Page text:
While we all wish we had a crystal ball to see exactly what the upcoming year has in store, we can make reasonable predictions of workers’ compensation issues to watch based on current trends and pending legislation.

COVID-19 drove a number of legislative measures impacting workers’ compensation. Here are a few “legal hot topics” in the New England states to be aware of as we head into 2022.

Workers’ Compensation COVID-19 Presumption

A presumption law describes the conditions where an injury to a worker is presumed to have happened on the job and should be compensated. Many bills were proposed in 2020 and 2021 to allow workers who contracted or were exposed to COVID-19 in the scope of their employment to receive workers’ compensation benefits. In 2020, the only New England state to formally enact a COVID-19 presumption law was Vermont.

The Vermont law was one of the broadest in the country. It was available to all employees in Vermont with a stipulation that non-frontline workers required additional proof of contraction in the course of employment. The legislation was in effect from March 1, 2020, through July 2021, 30 days after the end of the state of emergency.

New Hampshire issued two executive orders in 2020 that created a prima facie presumption for first responders and members of the National Guard who contracted COVID-19. They remained in effect until New Hampshire’s COVID-19 state of emergency terminated in June 2021.

Connecticut issued Executive Order No. 7JJJ which created a rebuttable presumption for employees who contracted COVID-19 at work in 2020 between March 10th and May 20th. A rebuttable presumption is one that is decided to be true unless proven otherwise.

A.I.M. Mutual continues to watch COVID-19 presumption bills and any new proposed presumptive legislation related to COVID-19 that might be introduced in the New England states.

COVID-19 and the Workers’ Compensation Rate Environment

Since the National Council on Compensation Insurance (NCCI) views the COVID-19 pandemic as a catastrophic event for ratemaking purposes, COVID-19 related claims will not be considered when determining upcoming loss costs and rates.

Ratemaking is prospective, meaning that rate makers look to the future to anticipate losses and payroll during the ratemaking period when those rates would be in effect. The upcoming rate filing season ranges from November 2021 to August 2022. Going forward, NCCI proposed a change to the definition of the catastrophe provision, broadening the scope to include any losses of more than $50 million. Previously, this provision only covered single-event losses in excess of $50 million caused by “earthquakes, noncertified acts of terrorism, or catastrophic industrial accidents.” This change acknowledges that there are additional, potentially unknown categories of catastrophic exposure that should be considered.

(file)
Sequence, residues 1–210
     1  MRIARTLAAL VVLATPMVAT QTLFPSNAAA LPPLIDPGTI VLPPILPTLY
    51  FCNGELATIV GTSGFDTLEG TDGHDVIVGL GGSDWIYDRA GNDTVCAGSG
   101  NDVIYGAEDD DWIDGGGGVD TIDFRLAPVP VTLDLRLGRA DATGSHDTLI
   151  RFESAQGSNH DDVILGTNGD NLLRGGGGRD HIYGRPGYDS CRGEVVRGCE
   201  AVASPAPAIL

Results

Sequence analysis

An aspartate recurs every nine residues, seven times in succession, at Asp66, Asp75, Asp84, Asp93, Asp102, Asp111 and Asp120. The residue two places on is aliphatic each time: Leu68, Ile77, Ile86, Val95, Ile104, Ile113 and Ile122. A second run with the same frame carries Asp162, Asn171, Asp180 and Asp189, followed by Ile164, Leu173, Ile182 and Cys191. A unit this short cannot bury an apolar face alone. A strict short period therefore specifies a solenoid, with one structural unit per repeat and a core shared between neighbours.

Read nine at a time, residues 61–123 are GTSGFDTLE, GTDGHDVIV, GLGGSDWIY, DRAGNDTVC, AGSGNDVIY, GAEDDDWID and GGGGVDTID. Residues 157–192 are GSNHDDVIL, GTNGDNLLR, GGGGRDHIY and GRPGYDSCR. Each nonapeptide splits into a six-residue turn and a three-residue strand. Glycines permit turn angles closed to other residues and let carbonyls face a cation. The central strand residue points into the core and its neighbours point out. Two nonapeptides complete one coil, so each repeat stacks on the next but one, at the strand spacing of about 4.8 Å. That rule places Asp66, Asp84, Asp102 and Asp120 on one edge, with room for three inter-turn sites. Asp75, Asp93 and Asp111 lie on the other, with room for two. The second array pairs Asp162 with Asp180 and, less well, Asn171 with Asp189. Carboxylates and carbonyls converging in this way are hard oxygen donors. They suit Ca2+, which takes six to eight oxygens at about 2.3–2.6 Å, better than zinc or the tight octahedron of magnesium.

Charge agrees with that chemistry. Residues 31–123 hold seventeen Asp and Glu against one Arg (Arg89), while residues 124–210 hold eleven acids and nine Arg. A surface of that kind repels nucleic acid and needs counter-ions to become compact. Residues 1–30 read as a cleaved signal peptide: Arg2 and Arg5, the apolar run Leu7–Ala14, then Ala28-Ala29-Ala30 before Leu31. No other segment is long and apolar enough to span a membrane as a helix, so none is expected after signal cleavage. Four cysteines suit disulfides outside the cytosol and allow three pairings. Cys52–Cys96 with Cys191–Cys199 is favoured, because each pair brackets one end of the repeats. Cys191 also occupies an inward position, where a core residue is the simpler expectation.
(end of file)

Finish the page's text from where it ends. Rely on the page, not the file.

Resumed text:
Workers’ Compensation Coverage for Prophylactic Treatments

A bill in New Hampshire—H.B. 589—would require workers’ compensation coverage for public safety and healthcare workers who need prophylactic treatment in response to contact with bodily fluids such as saliva and blood. If approved, this would expand the legal definition of “critical exposure” in New Hampshire’s workers’ compensation law.

Telehealth Services

According to the Workers’ Compensation Research Institute, currently, almost every state allows payment for telehealth services in workers’ compensation cases. All the New England states have a statute addressing telehealth.

Many states expanded access for injured workers to telehealth services because of the COVID-19 pandemic and the associated medical office closures due to the lockdown in 2020. What once felt futuristic—happening only on “The Jetsons” —has now become a universally accepted way to receive medical care.

For both injured workers and workers’ compensation carriers, this has been a game changer. Telehealth has proven to improve the speed of connecting a patient with a medical provider as well as reduce the amount of money spent on medical care. Here at A.I.M. Mutual, we have seen success with this additional way for injured workers to get the care they need. While telehealth is not a replacement for in-person medical evaluations, it is certainly a viable alternative for injured workers who are unable to be seen in person or who prefer to augment their medical treatment with telehealth.

Workers’ Compensation for Workplace-Related Mental Injuries

According to NCCI, nine states—including Connecticut, Maine, and New Hampshire—enacted legislation addressing workers’ compensation coverage for workplace-related mental injuries in 2021. Connecticut was particularly active in this realm and proposed numerous bills.

SB 660 was passed in Connecticut which expands benefits for certain mental or emotional impairments—including PTSD—for healthcare workers who suffered injuries related to the treatment of patients with COVID-19.

Maine enacted LD 467 which allows emergency dispatchers and corrections officers diagnosed with PTSD to receive workers’ compensation benefits. In New Hampshire, a bill was enacted to reestablish a commission to study post-traumatic stress in first responders and the implications for potential workers’ compensation coverage. This will remain a hot topic for 2022 as our nation and our industry come to terms with how to address mental health-related injuries in workers.







JODI WILLIAMS is Compliance Manager for A.I.M. Mutual Insurance Companies. Previously, she was A.I.M. Mutual’s Residual Market Underwriting Specialist. She has a background in risk management, compliance, and data analysis. She also served on the Board of Directors for a Massachusetts-based workers’ compensation self-insured group.